It is worth acknowledging that we still have a long way to go in terms of fielding metrics, they might be way off. Having said that, it is also worth noting that one of the main criticisms of TotalZone (the fielding system used for Bell’s numbers on the player pages) is that it tend to underrate the spread between fielders, thus, it is more likely that Bell’s fielding (and thus overall value) is being under-valued rather than the opposite.

I am getting to the end of my piece without getting to the main point I wanted to make about why Buddy Bell has not garnered more attention. In a manner similar to Cal Ripken, he was “Cal Ripkened” by his contemporaries. Take a look at the WAR leaderboards for third basemen during Bell’s career (1972-1989). Bell is third behind Mike Schmidt and George Brett, generally considered the two (or two of the three if you put Wade Boggs ahead of Brett, Eddie Mathews might also have clai to top three status) best third basemen of all-time.

Like Alan Trammell, who had a career just as good as Barry Larkin’s but will probably never get in, Bell was simply overshadowed by a clearly superior contemporary (multiple contemporaries, in Bell’s case). Unlike Barry Larkin, Trammell was a contemporary of Cal Ripken, and so no one was going to say he was the best at his position. Buddy Bell had a very good career with a peak comparable to a number of worthy Hall-of-Fame players, but no one would have said he was the best third baseman in baseball at any point in his career. I would even make the case that his “Ripkening” was more severe, since while Ripken was great, his is not really in the “best ever at his position” like Schmidt and Brett.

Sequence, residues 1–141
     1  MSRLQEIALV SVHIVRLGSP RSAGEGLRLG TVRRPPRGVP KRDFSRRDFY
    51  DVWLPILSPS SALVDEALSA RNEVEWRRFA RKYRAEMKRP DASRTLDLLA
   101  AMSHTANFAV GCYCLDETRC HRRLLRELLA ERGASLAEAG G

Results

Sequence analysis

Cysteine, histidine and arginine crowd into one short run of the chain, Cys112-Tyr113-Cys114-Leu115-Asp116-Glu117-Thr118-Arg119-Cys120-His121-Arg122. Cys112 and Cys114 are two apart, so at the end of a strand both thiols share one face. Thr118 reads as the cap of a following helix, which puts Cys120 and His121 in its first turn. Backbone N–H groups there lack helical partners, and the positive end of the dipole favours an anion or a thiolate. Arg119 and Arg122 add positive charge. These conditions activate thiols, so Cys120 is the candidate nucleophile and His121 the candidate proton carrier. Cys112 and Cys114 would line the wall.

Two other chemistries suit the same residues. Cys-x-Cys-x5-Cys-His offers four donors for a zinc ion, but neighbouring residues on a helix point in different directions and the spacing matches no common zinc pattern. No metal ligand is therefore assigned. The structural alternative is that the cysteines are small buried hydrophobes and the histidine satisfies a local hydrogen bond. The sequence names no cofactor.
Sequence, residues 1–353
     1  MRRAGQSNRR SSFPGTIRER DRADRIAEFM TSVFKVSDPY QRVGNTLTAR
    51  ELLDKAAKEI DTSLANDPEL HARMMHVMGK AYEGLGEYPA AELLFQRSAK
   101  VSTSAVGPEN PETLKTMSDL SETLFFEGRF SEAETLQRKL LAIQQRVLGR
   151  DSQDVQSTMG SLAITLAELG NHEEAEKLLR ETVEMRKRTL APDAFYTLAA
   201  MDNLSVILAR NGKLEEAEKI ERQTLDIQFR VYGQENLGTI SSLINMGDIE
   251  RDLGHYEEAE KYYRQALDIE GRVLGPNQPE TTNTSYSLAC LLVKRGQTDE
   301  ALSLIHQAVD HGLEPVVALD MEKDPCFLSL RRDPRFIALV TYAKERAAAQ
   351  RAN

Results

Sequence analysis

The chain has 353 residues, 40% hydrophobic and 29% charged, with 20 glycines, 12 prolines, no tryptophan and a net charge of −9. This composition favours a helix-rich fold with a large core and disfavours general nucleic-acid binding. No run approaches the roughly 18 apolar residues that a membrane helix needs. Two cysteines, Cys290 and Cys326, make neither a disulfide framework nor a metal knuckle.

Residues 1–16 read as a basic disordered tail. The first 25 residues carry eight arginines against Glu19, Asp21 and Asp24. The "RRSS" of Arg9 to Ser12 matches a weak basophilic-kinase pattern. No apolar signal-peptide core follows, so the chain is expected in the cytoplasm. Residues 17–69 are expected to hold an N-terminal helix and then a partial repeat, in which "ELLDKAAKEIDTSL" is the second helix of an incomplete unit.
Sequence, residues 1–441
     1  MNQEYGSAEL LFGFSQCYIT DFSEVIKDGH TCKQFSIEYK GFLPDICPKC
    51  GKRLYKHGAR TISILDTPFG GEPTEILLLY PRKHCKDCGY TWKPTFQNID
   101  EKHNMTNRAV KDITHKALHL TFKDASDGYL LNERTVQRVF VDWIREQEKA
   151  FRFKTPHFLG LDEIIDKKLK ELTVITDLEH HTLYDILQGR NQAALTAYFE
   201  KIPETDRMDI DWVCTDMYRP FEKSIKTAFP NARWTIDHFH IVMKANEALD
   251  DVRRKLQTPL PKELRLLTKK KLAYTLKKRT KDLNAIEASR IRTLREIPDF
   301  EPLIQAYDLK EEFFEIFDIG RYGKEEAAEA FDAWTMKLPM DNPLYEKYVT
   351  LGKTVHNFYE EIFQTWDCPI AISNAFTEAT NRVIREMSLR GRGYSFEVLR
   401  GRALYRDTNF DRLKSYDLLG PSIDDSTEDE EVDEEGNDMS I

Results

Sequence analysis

If you compare Buddy Bell just to Mike Schmidt and George Brett, he does not match up, not even close. But again, that is a ridiculously high standard given that we are talking about two of the greatest ever at the position. And that is probably what happened to Bell when he was playing, just as Trammell was never going to get as much ink while Ripken was around. For a different perspective on just how Bell’s career stacks up, let’s take the same length of time starting the year after he retired (1990-2007) and see how many players classified as third basemen on our leaderboards had better a WAR totals in those seasons than Bell did during his career. Again, just two: Alex Rodriguez (93.9 WAR, and that includes all of his years at shortstop) and Chipper Jones (72.2 WAR). Two obvious Hall of Famers to me: one who was going to be the greatest shortstop since Honus Wagner before his move the the Yankees and third base, and the other is the second-greatest switch hitter of all-time.

It may seem odd to make a case for a player’s greatness based on those who were better. But my main point was to reflect on why Bell was overlooked in his own time. Does Bell meet the standards for what I see as a Hall of Famer, or more simply, a “great” player? As was the case with Dawson, I would not be angry if Bell were in the Hall of Fame, and I am not unhappy that he is not. It is not as ridiculous as, say, Bobby Grich, although it is closer than one might think.

My intent is not to criticize those who did not vote for Bell, but to examine a particular phenomenon. This sort of overshadowing has happened many times, and this is only one case. I will simply end by writing that I think Buddy Bell had an outstanding baseball career that just happened to get Ripkened by Schmidt and Brett. Or did Cal Ripken Schmidt all over Alan Tramell?